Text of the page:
Category Archives: ceramics

my Washington Post article and a finished shop

Hooray! My piece for the Washington Post ran last week. Last year, I mentioned what a traumatic time I had a week after giving birth to baby L., and it felt good to write out the details. I never realized how difficult it was write about medical issues — it’s so nuanced I was a bit stressed about getting the details right. But after pestering the Stanford doctor and the CDC press officer, I felt confident when the story ran.

I also have so much more to tell, like how lonely it felt to be that sick even though my husband didn’t leave my side or how I wished I had those early days with my last newborn at home instead of in the hospital or how I sometimes look at the horizon and talk to the woman who saved my life even though I don’t believe in heaven. Lots to unpack there, I know. Maybe I can work on another piece — I just have to find the right angle.

A few weeks ago, A. finished my pottery shop and I’m throwing during my spare time. I’m a bit rusty and I need a full weekend to throw and throw to get in the groove, but I think I’ll find that in the new year and will be able to re-open my Etsy shop.

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Exciting things are on the horizon! I don’t think I’ll pull off Christmas cards this year (sadly), but we’ll see. It’s hard to get a picture of the five of us. Have a happy and relaxing holiday!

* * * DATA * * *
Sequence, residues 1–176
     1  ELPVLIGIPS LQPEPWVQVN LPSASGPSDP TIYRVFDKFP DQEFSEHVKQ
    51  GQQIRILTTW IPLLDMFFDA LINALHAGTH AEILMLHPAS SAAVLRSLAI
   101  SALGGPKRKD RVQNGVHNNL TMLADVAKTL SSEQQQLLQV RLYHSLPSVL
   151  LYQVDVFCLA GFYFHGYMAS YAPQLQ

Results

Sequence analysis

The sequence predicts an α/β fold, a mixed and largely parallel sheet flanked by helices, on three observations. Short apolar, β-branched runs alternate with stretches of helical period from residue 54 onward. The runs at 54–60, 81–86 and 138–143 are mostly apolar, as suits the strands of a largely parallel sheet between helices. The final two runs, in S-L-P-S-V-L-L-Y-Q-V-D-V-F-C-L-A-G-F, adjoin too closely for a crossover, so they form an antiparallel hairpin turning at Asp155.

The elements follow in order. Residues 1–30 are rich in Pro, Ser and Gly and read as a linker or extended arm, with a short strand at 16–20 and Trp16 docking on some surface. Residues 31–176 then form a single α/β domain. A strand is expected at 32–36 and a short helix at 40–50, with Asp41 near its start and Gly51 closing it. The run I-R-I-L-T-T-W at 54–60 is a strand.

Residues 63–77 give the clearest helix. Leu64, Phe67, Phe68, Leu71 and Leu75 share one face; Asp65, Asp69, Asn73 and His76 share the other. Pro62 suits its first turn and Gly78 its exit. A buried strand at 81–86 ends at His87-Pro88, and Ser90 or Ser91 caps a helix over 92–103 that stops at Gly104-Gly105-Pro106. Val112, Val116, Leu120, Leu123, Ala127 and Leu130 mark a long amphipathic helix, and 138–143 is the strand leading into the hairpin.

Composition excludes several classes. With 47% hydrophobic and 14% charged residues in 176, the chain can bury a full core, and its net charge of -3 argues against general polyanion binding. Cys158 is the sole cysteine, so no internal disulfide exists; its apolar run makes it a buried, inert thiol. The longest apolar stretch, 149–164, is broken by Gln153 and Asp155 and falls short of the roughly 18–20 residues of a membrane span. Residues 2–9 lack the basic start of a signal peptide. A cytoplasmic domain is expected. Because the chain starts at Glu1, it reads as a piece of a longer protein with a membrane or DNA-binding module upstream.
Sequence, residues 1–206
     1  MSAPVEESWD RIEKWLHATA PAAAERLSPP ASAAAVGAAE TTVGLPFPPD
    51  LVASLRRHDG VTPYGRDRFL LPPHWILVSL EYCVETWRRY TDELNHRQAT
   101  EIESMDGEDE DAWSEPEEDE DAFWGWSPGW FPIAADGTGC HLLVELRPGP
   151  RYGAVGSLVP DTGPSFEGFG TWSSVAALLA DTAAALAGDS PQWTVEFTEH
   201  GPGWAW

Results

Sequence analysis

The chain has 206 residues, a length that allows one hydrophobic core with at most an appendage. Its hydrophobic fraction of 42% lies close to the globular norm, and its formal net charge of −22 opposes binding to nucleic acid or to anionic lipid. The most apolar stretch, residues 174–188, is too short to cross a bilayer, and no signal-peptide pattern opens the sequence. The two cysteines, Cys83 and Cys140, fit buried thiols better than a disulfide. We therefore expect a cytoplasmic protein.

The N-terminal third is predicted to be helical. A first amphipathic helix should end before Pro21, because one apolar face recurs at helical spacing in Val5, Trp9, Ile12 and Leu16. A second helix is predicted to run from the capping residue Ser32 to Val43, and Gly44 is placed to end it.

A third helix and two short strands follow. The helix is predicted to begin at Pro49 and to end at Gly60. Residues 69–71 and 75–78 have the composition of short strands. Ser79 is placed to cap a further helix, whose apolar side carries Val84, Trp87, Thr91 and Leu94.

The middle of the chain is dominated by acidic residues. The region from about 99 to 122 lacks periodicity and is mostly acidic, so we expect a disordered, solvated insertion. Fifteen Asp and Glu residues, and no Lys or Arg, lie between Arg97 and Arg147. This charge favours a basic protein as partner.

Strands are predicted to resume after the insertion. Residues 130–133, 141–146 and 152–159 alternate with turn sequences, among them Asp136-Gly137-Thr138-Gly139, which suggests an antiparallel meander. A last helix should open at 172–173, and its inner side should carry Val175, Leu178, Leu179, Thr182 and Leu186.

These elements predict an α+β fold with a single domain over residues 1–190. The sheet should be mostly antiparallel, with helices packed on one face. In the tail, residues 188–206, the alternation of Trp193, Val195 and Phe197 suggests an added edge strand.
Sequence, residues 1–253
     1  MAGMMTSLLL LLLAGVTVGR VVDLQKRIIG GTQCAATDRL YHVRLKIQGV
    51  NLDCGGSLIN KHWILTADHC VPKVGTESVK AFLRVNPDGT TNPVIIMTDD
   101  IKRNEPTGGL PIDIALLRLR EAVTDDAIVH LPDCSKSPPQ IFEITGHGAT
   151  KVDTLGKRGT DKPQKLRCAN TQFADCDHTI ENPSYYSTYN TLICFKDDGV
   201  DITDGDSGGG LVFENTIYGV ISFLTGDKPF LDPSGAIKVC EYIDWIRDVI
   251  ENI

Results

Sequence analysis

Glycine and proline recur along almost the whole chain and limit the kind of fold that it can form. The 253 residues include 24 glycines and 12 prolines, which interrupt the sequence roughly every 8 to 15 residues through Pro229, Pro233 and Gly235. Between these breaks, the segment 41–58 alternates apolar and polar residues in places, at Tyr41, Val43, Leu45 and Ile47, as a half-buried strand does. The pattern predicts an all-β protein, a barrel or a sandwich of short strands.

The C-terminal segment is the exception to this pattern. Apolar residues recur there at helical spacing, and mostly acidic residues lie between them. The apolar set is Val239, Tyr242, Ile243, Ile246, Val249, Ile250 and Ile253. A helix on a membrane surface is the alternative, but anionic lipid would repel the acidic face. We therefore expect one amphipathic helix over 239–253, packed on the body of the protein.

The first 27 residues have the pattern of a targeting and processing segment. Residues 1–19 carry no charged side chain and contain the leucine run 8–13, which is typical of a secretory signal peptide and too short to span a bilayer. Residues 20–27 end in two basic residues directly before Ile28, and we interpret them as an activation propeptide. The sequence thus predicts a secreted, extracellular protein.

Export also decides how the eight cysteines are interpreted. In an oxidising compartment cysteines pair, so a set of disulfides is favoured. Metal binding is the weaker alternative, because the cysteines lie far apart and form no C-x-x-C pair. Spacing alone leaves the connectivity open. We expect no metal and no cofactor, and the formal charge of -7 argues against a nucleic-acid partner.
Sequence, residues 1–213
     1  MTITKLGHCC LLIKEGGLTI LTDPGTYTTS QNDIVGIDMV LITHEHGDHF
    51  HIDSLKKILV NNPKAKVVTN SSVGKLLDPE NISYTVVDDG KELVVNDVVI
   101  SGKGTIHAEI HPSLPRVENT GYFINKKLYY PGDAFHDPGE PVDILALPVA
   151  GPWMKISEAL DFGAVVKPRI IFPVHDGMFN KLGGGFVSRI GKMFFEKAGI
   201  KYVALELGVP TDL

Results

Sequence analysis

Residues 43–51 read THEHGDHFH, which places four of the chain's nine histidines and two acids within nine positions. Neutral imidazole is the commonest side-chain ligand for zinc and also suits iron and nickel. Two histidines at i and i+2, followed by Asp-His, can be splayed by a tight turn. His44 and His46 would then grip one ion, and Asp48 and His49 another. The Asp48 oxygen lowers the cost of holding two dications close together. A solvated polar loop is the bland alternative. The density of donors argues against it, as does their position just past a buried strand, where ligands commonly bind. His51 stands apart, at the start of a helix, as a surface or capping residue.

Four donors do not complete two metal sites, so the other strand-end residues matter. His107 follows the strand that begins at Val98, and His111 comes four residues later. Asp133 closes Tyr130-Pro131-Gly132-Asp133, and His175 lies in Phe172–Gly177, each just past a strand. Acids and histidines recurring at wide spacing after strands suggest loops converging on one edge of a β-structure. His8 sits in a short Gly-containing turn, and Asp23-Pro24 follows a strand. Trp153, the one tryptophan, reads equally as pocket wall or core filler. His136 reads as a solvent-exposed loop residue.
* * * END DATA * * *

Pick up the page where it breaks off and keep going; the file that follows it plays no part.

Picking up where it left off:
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Filed under birth, ceramics, creativity, happy, health, Uncategorized

the outdoors, northern new mexico and more pots

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Last weekend, we drove up to Northern New Mexico, where one of A.’s coworkers owns 220 acres of land that’s been in his family for a century. He’s an Army guy who went to West Point and carries a gun on his hip (but I didn’t see it). It was the first time I’d chatted with his wife, and she was easy to talk to and had many qualities I admire (easy going and a problem solver).

We stayed in the house that’s been in the family for 100 years. It was built in 1898 and there are no hallways. The house feels like it’s out of the ’50s, with a TV from that era, a kitchen with a stove that has an opening to burn wood and a toilet that’s so low it was easy for my 4 year old and 2 year old to get on it.

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There were Readers Digest books from the ’40s on the shelves. The floral curtains and the smell — oh that smell — reminded me of my grandma’s and grandpa’s house in Flint, Mich.

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The next morning, we drove up to the land. Open, beautiful land where elk and bears roam at almost 9,000 feet. The leaves were starting to turn color. A. brought a newly crafted tire swing for the boys, and another guy made ribs on the slow cooker. I had decided to go home that night because L., at 2 1/2 months, is a bit young to camp — he’s already had two colds in his short life — and the temps got down to the 30s. But I enjoyed my morning/early afternoon out there and I know it was the right decision, even if I missed the ribs and the stars. Just being out in the fresh air and staying in what felt like a museum invigorated me.